Taking Responsibility

Recognizing Victimhood

Samantha doesn’t realize it, but there’s a victim lurking inside her. Though she wears a sunny disposition outside, inside, the perky 42-year-old mother is resigned to three ideas:

1. It’s too late in her life to go back to college like she always wanted to. She’d look ridiculous, and who has the time, anyway?

2. Her ex-husband is to blame for her financial problems and for her children’s disrespectful behavior.

3. No matter what she does—no matter how many self-help workshops she attends or how much inner work she does with herself—things are not really ever going to change for her.

Quite a life sentence she’s given herself: hopelessness and helplessness, twin offspring of the same poisonous parent known as “Victimhood.”

When we operate from a victim mentality, we give the power to create our own life to someone else, and then we moan about how controlling the other is. To avoid taking responsibility, we create (and protect at all costs!) the dangerous illusion that we are always right. We blame others for our circumstances and remain stuck in a silent “poor me” that keeps us small. 

This is not to say that we can always control what happens to us. Some people’s behavior is abusive. Hurricanes or other natural disasters occur. The company downsizes.

We can, however, always control how we respond. We can refuse to accept abusive behavior, leaving a relationship, if necessary. We can recognize that others can only have control if we let them. We can see the banquet of choices before us, and choose what appeals to us, even if that means going back to college at age 42. 

Here are some clues to help you recognize when you’re carrying around a victim mentality and robbing yourself of your personal power:

•  Your first response to a setback is to blame someone else for what has happened.

•  You often find yourself beginning thoughts with phrases like “I can’t…” or “I’m no good at…” or “I’ve never been able to.” You believe that nothing you do ever works out. 

•  Conversations with friends and family are often about how hard your life is.

•  When friends offer advice, you usually counter it with a “Yes, but…” since they can’t know how difficult your situation really is.

•  You’re always so busy with work and the things you need to do to survive that you just don’t have time to do things you want to do for yourself.

•  You think that other people usually cause you to feel the way you do, that you’d be more centered if it weren’t for them.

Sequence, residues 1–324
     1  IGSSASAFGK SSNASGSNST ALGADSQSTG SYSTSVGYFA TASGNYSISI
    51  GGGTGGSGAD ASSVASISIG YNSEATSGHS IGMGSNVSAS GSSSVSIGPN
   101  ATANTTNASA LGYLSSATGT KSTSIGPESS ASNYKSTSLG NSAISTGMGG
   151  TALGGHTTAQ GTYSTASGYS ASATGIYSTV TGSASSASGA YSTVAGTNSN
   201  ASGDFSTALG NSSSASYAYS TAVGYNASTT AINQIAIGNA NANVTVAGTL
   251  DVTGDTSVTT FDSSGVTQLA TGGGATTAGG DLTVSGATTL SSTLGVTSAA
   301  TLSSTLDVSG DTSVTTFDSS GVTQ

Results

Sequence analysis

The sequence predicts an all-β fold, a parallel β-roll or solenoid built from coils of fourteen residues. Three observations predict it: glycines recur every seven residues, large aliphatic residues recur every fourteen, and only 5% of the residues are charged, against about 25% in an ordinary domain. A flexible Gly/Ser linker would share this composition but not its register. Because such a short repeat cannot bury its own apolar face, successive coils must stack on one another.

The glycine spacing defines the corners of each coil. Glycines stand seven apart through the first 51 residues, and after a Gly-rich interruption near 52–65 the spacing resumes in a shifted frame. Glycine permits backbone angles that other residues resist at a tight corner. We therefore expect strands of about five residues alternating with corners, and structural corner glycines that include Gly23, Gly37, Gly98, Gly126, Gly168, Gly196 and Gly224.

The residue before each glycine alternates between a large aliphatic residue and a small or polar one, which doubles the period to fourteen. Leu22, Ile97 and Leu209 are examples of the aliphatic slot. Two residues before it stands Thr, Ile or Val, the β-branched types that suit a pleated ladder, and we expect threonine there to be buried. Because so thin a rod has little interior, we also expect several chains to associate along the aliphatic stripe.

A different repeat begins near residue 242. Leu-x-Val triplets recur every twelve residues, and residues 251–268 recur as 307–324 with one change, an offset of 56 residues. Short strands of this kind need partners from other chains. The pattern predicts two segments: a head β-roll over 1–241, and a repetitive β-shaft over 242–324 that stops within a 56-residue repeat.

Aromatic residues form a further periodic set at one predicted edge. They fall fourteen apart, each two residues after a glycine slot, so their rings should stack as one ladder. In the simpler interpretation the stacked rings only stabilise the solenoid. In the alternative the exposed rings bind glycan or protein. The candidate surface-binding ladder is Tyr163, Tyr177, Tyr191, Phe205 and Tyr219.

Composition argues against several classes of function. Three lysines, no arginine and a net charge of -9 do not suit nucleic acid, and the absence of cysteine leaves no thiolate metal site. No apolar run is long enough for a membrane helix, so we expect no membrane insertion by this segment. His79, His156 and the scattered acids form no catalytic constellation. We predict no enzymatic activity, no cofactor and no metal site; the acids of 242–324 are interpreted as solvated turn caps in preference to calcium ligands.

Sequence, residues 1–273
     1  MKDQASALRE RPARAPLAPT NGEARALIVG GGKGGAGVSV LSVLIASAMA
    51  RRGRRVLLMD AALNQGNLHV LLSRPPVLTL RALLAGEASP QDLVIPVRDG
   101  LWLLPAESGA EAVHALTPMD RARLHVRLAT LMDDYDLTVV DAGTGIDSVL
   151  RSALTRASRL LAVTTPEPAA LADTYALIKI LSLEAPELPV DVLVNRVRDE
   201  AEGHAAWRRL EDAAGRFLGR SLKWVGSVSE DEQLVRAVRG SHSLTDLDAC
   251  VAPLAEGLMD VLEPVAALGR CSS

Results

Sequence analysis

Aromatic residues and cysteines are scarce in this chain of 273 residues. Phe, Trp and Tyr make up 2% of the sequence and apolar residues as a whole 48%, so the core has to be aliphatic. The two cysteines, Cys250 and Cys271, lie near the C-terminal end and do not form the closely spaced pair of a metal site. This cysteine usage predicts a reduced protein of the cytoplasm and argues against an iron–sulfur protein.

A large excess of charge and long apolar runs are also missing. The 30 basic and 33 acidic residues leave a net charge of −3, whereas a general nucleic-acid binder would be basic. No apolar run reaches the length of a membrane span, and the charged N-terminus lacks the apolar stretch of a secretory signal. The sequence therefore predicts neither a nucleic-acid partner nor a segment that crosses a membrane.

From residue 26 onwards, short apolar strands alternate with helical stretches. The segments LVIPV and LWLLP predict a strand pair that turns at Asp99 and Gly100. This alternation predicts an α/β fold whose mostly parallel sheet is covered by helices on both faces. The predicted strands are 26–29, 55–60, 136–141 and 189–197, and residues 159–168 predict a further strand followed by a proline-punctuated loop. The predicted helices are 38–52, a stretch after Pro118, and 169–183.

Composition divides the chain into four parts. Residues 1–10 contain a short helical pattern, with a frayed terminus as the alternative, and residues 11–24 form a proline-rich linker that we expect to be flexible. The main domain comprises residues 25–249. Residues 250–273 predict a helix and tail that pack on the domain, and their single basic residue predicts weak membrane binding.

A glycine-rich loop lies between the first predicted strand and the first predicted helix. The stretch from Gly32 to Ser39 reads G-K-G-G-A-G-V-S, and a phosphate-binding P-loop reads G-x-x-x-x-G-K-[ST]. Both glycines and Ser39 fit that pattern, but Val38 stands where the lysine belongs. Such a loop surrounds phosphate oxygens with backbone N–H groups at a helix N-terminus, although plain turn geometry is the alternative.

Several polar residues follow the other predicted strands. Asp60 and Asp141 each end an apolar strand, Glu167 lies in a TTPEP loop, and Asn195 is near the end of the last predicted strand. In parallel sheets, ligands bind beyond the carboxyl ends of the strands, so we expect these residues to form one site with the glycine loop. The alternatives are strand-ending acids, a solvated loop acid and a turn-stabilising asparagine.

•  You’re convinced that if you weren’t tied down to all these obligations, or if only you had more support, you could really do some of the things you always think about doing.

•  When angry, you usually begin sentences with “You” instead of “I.”

You choose: small and powerless and perfect, or stepping up to meet your biggest self—warts and all—and live the life you want. Which will it be?

Note that the word responsibility has the root word, respond. It is all about how you respond. 

Self-Responsibility Starts With an I

Self-Responsibility Starts With An I

Asking Questions and Making Choices

“Take your life into your own hands and what happens?

A terrible thing: no one to blame.”

—Erica Jong

 

 

In the following three scenarios what do the people have in common?

 

Josie is a woman in her twenties. She still lives at home with her mother who makes all Josie’s important decisions: how to spend her money, who to go out with, even what clothes to wear. Josie is anxious and depressed.

 

Matt ordered a new printer for his office. When it arrived he discovered it wasn’t compatible with his computer. “Those idiots,” he ranted, “why didn’t they tell me this was the wrong printer.”

 

Sally and Jerry had a big fight. Now Sally’s tossing and turning in the bedroom while Jerry beds down on the sofa. Neither one is getting any sleep and both think the other should make the first move to apologize.

 

If your answer was “Hey, no one is taking any personal responsibility here,” you’ve got a good eye for human behavior.

 

Because what Josie and Matt and Sally and Jerry all have in common is a lack of self-responsibility that leaves them dependent, impotent and victimized. They’re caught up in blaming others for their problems and waiting for somebody else to come along and make their life right. Unfortunately, they’re going to have a long wait because, in the words of self-esteem expert Nathaniel Branden, “No one is coming.”

 

This is the good news. Your life is in your hands. You get to make the choices, elect the options and take the actions that come with self-responsibility. It’s through the door of self-responsibility that personal power and independence enter, often hand-in-hand, bearing gifts of confidence and self-esteem.

 

Be clear though, self-responsibility is not the same as feeling responsible or accepting the blame for bad things that have happened or situations that are painful. We don’t all enter the world with the same trappings, and people, events or circumstances have wreaked trauma and caused wounds from which many are recovering. Self-responsibility means that when you have worked through your grief or anger or other issues, you can ask yourself: Now what am I going to do? What options do I have?

 

At the other end, self-responsibility doesn’t mean becoming so self-reliant you don’t ask for help when you need it or seek others’ opinions or points of view. And it certainly doesn’t mean you have to know everything, make every decision alone or take on the world single-handedly.

 

Rather than a heavy burden, self-responsibility can be a source of joy. Knowing you can create the life you want by accepting responsibility for yourself is a great freedom. Even saying the words aloud can produce a feeling of power and strength. Try it.